HealthyChildren.org states that most walker injuries happen while an adult is watching.  Even the most attentive parent or caregiver cannot respond quickly enough to prevent a child from falling since a child in a walker can move more than 3 feet in 1 second.  That is why walkers are never safe to use, even with an adult close by.

The AAP recommends that instead of infant walkers, parents choose:

  • Stationary activity centers – They resemble walkers without wheels.  They often  have seats that rotate, tip and bounce.
  • Play yards or playpens – These can be used as safety zones for children as they learn to sit, crawl or walk.
  • High chairs – As your child grows, they can enjoy sitting in a high chair to play with toys on the tray.

Before 1997, there weren’t any standards for baby walkers in place.  These standards caused manufacturers to make the base of a walker wider so as to not fit through most door ways and having brakes that stop them at the edge of a step.  Although necessary, these improvements cannot and have not prevented all injuries from walkers.

Research has shown that walkers do not provide any advantage to accelerating a child’s development.  In fact, they may hinder development because they do not teach infants to walk.  A better practice is to allow your baby the freedom in a safe environment that allows them the opportunity for pulling themselves up, creeping and crawling.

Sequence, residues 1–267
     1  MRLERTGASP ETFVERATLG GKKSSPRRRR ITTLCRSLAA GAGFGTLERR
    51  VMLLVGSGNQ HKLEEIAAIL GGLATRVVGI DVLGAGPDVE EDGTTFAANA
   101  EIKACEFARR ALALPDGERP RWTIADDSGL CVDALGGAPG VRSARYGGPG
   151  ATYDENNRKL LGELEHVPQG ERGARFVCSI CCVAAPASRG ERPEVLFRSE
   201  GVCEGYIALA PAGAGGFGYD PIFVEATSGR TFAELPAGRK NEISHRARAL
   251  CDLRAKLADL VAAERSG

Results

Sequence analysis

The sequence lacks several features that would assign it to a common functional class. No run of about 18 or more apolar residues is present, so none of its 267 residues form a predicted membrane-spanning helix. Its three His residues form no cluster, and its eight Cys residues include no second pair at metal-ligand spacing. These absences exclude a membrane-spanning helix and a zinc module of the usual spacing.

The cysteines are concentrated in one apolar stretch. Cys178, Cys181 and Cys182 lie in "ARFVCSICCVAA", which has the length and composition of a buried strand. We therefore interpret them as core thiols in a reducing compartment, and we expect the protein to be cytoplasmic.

All content of this newsletter is intended for general information purposes only and is not intended or implied to be a substitute for professional medical advice, diagnosis or treatment. Please consult a medical professional before adopting any of the suggestions on this page. You must never disregard professional medical advice or delay seeking medical treatment based upon any content of this newsletter. PROMPTLY CONSULT YOUR PHYSICIAN OR CALL 911 IF YOU BELIEVE YOU HAVE A MEDICAL EMERGENCY.

EATING FOR ENERGY

If you conducted a survey, most people will tell you that between the hours of 3:00PM and 4:00PM each day, a feeling of fatigue may set in which makes them feel less productive.

This is typically the time of day when they may reach for a less healthy choice of food or beverage to “perk-up.”

Many of their snack options are laden with sugar and fat and have no nutritional value.  There are several healthy foods available that give us both a boost and essential nutrients.

Some healthy foods that have been proven to help raise energy levels are: